Tokyo Day 1: Roppongi Robataya

Today marks the start of a 12 day adventure in Japan. We left Sydney early this morning and landed at Tokyo Narita at 5pm. After an hour on the train, a quick stop at our hotel and another couple of layers (it is COLD), we stepped out into the city.

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Dinner was in Roppongi, a neighbourhood that’s undergone a transformation in recent years, casting off its reputation as a hedonistic watering hole in favor of a more sophisticated, classier image. Today, Roppongi is known for some of the city’s best food, bars, shopping and culture.

As we stepped in from the cold to Roppongi Robataya, we were greeted with a chorus of irrashaimase’s and a beautiful spread of fresh fruit, vegetables and live seafood. The space is wood-paneled and cozy, in the way that you might imagine a Japanese ski chalet to look, and the staff is warm and engaging.

“Robatayaki” or, more commonly “Robata” translates to “fireside cooking”, and is a style of Japanese cuisine in which morsels of seafood and vegetables are skewered and slow-grilled over hot charcoal.

The origins of Robata can be traced back hundreds of years to the fishing communities of Hokkaido where, at the end of the day, fisherman would encase hot coals in a stone box on their boats and gather round the makeshift hearth to partake in the day’s spoils.Here in Roppongi, our chefs for the night sat at the center of the room behind a sunken grill, with less than 15 customers seated at the semi-circular bar around them.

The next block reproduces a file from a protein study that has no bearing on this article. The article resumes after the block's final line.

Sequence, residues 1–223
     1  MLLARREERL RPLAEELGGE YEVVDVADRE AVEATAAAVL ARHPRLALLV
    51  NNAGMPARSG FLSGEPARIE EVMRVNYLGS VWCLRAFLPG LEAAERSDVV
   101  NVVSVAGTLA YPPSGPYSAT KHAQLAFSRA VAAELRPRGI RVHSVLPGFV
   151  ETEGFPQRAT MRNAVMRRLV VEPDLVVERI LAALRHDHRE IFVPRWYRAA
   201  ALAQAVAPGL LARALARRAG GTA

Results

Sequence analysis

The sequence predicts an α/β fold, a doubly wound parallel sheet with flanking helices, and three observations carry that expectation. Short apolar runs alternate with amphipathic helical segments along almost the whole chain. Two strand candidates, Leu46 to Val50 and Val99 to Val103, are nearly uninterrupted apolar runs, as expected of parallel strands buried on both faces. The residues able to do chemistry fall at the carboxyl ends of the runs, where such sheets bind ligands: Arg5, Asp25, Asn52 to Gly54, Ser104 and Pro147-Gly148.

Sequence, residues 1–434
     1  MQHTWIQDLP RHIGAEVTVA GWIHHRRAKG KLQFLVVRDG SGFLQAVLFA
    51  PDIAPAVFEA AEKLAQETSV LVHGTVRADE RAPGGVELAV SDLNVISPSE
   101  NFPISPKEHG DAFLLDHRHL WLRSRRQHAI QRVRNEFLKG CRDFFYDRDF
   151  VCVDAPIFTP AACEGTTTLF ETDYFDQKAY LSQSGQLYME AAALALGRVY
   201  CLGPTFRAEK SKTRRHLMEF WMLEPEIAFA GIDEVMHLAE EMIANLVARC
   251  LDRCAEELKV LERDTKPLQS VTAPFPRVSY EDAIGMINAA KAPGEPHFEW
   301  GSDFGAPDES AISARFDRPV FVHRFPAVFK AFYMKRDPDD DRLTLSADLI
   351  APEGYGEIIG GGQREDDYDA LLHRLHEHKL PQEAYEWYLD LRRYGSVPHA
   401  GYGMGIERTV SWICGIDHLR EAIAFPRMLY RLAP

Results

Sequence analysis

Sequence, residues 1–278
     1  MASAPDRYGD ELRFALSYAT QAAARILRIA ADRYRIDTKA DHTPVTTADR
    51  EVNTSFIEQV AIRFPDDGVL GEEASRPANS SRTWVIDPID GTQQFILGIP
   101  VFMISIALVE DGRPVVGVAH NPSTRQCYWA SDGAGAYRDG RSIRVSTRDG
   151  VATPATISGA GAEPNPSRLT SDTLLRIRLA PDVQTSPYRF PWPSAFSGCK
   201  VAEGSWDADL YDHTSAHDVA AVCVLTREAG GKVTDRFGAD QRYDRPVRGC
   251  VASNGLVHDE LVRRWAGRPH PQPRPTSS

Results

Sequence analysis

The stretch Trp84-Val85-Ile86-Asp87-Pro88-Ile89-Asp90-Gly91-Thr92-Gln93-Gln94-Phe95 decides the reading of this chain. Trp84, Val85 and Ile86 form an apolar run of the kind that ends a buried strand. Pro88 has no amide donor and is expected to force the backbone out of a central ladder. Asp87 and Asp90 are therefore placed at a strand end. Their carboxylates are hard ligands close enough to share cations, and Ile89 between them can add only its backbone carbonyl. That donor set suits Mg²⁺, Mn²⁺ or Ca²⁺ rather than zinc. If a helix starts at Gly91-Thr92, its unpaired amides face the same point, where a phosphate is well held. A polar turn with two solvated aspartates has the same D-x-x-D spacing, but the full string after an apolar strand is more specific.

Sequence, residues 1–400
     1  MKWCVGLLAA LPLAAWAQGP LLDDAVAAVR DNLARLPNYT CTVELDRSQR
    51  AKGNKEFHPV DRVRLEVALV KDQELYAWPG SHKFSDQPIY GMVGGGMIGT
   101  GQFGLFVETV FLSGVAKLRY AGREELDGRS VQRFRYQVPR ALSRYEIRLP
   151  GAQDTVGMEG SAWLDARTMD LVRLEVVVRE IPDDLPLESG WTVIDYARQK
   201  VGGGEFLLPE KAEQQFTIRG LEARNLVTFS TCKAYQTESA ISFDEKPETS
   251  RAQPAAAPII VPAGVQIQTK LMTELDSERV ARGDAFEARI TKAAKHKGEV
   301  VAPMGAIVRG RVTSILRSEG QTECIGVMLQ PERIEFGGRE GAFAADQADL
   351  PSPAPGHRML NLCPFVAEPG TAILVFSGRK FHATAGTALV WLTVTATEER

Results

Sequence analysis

After a hot towel, some tea and a pouring of saké, our server gestured to the spread and asked what we’d like to eat. For someone who doesn’t particularly enjoy looking at menus, it doesn’t get much better than this: I felt like a kid in a candy shop and immediately pointed at various delicious looking vegetables.We chose asparagus, some enoki mushrooms, an eggplant and a hearty plate of fava beans. We also picked out a cut of fish and a giant prawn from the gorgeous tabletop tank. Lastly, we ordered some sashimi and on the recommendation of our server, some Hokkaido oysters.
Needless to say, everything was delicious. The produce and seafood is all so fresh that robata seasoning rarely involves more than a basting of oil and sometimes miso. Most dishes are served with salt and a lemon wedge. Indeed, the British couple seated beside us were politely turned down when they inquired after “soy or some kind of dipping sauce”.
Other than the delicious food, it was the experience of Robataya that made it memorable. Each chef wields a long, smooth, wooden paddle. Once they’ve grilled and plated the food, they masterfully balance the plates and even bottles of beer and sake on these paddles, which they then extend to hungry guests. After plucking your dish from the wooden paddle, you load it up with empty plates, which the chef then deftly draws in and sets aside for cleaning.

The staff and servers at Robataya are equally engaging and will sneak up next to you and join the conversation. There was a lot of fanfare around a “changing of the chefs” where our two chefs stepped off the grills and were replaced by two members of the waitstaff.

Overall, it was pricey but an incredible meal in a very fun yet intimate environment — I only wish there were one of these in Sydney!

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